TALLAHASSEE, Fla. (WTXL) - The death of FSU student Andrew Coffey prompted the state attorney's office to launch a criminal investigation to find out who's responsible.
This is still an active investigation, so state attorney Jack Campbell's office is still reviewing evidence before making any decision to file charges, which Campbell suspects will happen.
Both he and his predecessor, Willie Meggs, shared some insight into this case.
"As an investigative agency and as a prosecutor, I'm always trying to find the truth," said Campbell.
Campbell knows there's a lot of talk about what happened to Andrew Coffey.
The 20-year-old was found dead at an off-campus party last month. The state attorney's office quickly presented the case to a grand jury, but the investigation is far from over.
"Often, our criminal cases take years to resolve," Campbell explained. "If charges are filed in this case, then it would probably take years to resolve all of that."
The journey to get justice has been hampered by the majority of Pi Kappa Phi fraternity brothers refusing to talk to law enforcement.
"I'm frustrated as a prosecutor. I'm frustrated as a member of the community. Obviously, we have a young man who died too soon," said Campbell. "It's a tragedy to lose his life, and I have promised his parents I'm going to do everything in my power to find out that truth."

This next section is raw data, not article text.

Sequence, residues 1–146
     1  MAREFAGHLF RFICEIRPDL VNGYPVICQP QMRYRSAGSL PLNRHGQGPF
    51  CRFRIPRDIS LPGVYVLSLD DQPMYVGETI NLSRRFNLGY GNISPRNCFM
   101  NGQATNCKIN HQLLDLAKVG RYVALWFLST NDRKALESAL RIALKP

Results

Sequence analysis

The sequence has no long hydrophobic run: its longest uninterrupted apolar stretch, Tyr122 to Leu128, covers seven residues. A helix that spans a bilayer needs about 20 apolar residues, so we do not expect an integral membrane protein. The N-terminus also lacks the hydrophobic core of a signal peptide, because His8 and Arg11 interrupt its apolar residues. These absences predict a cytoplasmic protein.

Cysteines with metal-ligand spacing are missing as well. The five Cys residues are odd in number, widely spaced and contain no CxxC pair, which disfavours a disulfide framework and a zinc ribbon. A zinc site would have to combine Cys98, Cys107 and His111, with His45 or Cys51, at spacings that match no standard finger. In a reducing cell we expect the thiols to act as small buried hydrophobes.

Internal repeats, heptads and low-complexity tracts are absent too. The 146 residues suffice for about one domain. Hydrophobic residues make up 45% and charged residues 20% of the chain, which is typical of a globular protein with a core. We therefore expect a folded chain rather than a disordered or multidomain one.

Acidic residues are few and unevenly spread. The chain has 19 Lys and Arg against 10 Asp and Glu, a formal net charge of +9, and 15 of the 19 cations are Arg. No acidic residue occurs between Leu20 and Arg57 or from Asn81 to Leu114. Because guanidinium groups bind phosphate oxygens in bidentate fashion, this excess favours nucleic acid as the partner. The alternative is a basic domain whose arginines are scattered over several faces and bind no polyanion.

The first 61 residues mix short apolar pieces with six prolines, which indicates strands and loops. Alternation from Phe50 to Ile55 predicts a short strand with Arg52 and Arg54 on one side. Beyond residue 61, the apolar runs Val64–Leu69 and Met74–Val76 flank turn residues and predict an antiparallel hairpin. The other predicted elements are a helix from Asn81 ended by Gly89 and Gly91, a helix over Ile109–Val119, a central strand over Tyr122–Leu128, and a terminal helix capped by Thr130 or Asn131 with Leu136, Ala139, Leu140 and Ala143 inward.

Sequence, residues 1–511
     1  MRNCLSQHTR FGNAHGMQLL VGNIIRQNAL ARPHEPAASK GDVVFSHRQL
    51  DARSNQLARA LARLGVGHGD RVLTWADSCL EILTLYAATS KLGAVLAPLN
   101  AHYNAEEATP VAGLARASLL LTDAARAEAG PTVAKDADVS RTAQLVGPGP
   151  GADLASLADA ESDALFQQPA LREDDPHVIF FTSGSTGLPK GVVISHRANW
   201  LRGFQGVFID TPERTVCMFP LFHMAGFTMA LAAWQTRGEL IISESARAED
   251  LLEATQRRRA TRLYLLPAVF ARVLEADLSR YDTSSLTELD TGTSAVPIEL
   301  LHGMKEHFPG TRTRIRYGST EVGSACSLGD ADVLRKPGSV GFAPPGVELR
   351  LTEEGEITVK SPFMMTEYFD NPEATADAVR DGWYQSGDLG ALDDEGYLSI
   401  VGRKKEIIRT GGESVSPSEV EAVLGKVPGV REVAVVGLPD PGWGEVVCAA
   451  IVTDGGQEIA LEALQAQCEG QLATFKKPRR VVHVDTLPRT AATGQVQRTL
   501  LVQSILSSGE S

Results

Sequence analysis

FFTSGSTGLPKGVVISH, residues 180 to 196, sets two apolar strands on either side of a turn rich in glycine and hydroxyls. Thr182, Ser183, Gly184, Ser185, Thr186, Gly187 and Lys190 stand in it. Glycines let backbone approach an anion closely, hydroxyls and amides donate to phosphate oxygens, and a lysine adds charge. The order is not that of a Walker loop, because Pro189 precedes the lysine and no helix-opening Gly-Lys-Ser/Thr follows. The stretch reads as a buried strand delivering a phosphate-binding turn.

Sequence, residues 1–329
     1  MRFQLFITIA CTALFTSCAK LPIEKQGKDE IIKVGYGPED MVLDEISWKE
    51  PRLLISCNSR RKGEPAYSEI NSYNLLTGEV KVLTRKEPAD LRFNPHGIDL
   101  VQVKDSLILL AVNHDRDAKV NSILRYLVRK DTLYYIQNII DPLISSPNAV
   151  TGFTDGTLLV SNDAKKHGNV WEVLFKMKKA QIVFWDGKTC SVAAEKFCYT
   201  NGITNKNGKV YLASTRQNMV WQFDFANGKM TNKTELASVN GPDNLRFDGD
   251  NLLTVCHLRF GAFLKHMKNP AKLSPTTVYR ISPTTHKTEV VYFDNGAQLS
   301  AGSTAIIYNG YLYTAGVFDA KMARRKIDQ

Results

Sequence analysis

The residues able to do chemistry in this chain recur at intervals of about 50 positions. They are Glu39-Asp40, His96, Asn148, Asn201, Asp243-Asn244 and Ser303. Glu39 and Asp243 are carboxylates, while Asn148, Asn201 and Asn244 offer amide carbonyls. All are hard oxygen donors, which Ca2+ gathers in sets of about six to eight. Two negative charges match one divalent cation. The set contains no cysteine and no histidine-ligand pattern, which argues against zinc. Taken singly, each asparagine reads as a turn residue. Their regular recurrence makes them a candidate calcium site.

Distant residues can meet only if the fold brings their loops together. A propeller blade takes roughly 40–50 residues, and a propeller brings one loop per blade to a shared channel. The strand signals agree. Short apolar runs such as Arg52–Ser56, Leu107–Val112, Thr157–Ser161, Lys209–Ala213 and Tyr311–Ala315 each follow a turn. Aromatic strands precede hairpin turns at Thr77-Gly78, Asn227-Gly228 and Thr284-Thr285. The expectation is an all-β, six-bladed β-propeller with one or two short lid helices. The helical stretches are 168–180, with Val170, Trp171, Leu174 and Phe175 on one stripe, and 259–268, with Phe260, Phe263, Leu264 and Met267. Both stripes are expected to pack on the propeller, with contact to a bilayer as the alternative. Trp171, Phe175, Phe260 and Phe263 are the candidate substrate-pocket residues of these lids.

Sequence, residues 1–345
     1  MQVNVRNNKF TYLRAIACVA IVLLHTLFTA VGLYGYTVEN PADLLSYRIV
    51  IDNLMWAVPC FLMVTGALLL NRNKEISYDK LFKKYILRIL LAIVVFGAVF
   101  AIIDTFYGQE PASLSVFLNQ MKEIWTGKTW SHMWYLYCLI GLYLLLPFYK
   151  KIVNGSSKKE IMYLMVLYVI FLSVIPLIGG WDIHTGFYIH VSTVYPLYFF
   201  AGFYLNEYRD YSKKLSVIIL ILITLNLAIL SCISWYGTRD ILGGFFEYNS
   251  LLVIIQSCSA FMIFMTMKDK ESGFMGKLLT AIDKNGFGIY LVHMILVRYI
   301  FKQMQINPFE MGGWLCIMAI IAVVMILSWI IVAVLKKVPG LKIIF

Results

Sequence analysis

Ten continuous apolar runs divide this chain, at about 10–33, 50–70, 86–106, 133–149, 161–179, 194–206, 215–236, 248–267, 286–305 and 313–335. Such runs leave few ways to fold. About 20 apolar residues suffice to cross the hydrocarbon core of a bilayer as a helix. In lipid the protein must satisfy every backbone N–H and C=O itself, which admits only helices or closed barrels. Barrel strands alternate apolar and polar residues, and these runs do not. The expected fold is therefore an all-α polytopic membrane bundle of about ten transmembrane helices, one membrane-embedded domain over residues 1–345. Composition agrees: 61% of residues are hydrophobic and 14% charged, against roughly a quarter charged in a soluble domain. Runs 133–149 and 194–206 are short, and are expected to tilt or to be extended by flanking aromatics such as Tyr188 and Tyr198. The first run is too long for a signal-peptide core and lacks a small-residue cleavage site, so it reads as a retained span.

Campbell says he intends to share the presentment with a new grand jury in January.
"'Do you all want to make charging decisions, or do you want to leave that to me?' And then, based on that interaction, I'll take my next step," said Campbell.
Former state attorney Willie Meggs says the role of a grand jury is invaluable.
"They are, in fact, the conscience of our community, and so, if they believe that fraternity life at FSU is run amok, then they can say that," said Meggs.
"This is the public coming out and saying, 'Here's what we found. We took the time, we took the power. We took the effort to go ahead and look at this matter. Here you are, Tallahassee, Leon County, state of Florida. This is what's happened in our community, and this is what we think we need to do about it."
Campbell says he won't make any charging decisions before putting this case in front of the next grand jury, which has to power to indict.
Pi Kappa Phi Fraternity has released the following statement:
"We were saddened by the details in the Grand Jury presentment about the tragic death of Andrew Coffey. Since originally learning of Andrew’s death, Pi Kappa Phi has continued to direct the students at Florida State to cooperate with all investigative efforts.
Nationally, Pi Kappa Phi collaborates with university partners to provide students with training, resources and mature adult guidance. The national fraternity holds chapters and individual members accountable through our conduct process. The FSU chapter was closed in the week following Andrew’s death; and the national fraternity will utilize the findings of the criminal investigation, once concluded, to hold individuals accountable."